Adam and Eve. Since humanity is still young and vital, it's a case of Incest Is Relative until more careful selection is possible or even necessary.
Eve was made from Adam's rib, so unless God worked some additional magic, they were brother/sister in a cloning sense.
Adam's and Eve's children by the more literal readings could only have had other family members to mate with but its never said explicitly. Cain's wife who is arguably the 5th human mentioned but comes from nowhere. After Cain killed Abel, he went into exile away from his family, but he went on to marry the unnamed lady. The fifth chapter states Adam and Eve had other sons and daughters, so she could've been one of them. Alternatively, some think the implication is that there were other people created other than Adam and Eve, and they were just the first.
The punitive Great Flood leaves only four married couples alive — three of the men are brothers, and the fourth couple are their parents. The following children would have no one to marry but their cousins or siblings. As Genesis also claims that people lived an average of 400 years back in those days, the much shorter lifespans following the Flood can be taken as a result of that tragically narrowed gene pool. This is all consistent with the Bible's theme of various cataclysms as a consequence of man's pride leading to repeated falls.
Not only for humans. Aside from bringing seven pairs of a few species designated acceptable for sacrifice (and any domesticated animals the family might have had), the Biblical account puts "every air-breathing animal on the planet" through the same genetic bottleneck.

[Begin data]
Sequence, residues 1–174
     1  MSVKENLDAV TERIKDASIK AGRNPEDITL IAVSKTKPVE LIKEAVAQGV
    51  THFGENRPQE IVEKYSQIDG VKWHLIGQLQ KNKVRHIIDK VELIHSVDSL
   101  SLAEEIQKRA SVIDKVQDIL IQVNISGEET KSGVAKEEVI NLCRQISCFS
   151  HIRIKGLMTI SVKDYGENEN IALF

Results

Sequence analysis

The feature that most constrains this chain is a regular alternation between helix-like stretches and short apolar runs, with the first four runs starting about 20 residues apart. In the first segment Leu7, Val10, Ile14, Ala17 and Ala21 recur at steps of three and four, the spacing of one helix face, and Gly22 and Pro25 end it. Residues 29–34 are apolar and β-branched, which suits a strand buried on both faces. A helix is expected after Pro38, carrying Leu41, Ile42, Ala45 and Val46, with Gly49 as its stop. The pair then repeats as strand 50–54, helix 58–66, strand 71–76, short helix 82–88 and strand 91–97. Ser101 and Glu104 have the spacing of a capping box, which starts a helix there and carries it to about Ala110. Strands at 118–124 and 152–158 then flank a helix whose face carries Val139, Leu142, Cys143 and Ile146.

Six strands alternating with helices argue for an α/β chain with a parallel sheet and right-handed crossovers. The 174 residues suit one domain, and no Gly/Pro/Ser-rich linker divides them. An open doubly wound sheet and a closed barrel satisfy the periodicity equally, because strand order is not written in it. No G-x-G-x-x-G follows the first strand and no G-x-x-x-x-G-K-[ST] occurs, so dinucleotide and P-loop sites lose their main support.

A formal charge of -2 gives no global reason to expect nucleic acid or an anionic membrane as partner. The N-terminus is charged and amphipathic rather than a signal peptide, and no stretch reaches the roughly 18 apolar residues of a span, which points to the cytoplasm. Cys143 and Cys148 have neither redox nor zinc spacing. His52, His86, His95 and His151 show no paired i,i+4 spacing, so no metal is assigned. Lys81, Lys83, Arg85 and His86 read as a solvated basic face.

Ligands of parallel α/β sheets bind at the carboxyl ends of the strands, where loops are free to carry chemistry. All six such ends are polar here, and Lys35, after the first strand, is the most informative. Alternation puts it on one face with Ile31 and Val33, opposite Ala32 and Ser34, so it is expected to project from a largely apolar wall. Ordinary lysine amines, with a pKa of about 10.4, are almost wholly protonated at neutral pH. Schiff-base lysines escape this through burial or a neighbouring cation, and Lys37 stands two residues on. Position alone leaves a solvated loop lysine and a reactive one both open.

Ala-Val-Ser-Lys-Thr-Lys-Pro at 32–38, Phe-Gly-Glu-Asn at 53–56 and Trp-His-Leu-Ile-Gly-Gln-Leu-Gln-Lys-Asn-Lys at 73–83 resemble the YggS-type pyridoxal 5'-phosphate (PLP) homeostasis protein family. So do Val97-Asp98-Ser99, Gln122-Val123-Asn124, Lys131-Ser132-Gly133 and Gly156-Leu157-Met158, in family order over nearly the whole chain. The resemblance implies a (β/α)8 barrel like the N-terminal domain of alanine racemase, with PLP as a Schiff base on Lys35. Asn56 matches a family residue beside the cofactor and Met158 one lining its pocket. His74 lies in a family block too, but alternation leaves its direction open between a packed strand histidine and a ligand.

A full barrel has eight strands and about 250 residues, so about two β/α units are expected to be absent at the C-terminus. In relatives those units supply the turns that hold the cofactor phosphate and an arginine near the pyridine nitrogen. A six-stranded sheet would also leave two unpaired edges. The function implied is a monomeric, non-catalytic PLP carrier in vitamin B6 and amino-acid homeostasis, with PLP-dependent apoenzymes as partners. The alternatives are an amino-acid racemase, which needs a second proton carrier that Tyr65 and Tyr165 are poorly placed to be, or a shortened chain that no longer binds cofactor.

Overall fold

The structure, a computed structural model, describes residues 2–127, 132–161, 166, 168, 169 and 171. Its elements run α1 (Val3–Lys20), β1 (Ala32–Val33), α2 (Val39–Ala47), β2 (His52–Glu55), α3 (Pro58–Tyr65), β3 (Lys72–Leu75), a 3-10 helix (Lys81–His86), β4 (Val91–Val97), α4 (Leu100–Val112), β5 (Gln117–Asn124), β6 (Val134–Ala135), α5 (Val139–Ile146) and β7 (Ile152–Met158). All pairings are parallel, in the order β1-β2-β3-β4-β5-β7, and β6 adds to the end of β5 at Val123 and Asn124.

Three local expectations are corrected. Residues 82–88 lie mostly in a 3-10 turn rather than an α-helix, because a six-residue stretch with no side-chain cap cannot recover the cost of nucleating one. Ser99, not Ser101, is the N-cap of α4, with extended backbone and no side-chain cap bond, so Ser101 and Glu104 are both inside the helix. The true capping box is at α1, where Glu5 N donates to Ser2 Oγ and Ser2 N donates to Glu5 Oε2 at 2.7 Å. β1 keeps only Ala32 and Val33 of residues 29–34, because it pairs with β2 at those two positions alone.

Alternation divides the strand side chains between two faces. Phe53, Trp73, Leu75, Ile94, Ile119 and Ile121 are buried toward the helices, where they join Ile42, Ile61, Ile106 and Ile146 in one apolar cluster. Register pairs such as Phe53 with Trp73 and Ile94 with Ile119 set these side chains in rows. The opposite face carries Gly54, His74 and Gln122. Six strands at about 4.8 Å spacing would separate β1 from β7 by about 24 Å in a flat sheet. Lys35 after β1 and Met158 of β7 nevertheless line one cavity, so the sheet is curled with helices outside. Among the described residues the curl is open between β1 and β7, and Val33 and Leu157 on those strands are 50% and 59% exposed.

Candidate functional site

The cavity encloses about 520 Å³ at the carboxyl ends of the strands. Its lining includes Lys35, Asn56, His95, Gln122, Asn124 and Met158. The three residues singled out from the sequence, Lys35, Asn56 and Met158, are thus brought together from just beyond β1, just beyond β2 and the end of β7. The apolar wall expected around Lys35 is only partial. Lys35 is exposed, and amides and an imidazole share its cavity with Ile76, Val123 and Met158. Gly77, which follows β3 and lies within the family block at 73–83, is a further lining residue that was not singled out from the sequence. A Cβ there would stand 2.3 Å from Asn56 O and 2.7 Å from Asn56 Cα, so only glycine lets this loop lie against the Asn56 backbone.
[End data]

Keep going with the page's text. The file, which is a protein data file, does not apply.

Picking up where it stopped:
Sarah was Abraham's half-sister, as well as his wife. So when he told the Egyptians "she is my sister" he was telling a half-truth... that caused all sorts of mayhem. The Pharaoh at the time had this lovely 65-year-old taken to his house, and the Pharaoh and his house were subsequently stricken with great plagues. Upon learning that Abram had not told him the important fact that she was his wife, he told Abram off and sent them away. Fast forward twenty-five years, and they went down to Gerar, still planning the same omission. Abimelech took her, and learned from a vision that she was Abraham's wife, and that Abimelech would die if he didn't give her back. He did, but asked Abraham what could have possessed him to omit such an important detail. He explained his reasoning, but also that she was, in fact, his sister from another mother, but from the same father. He let them live there and gave them stuff, and Abraham prayed and the wombs of Abimelech's house were reopened from being stopped up.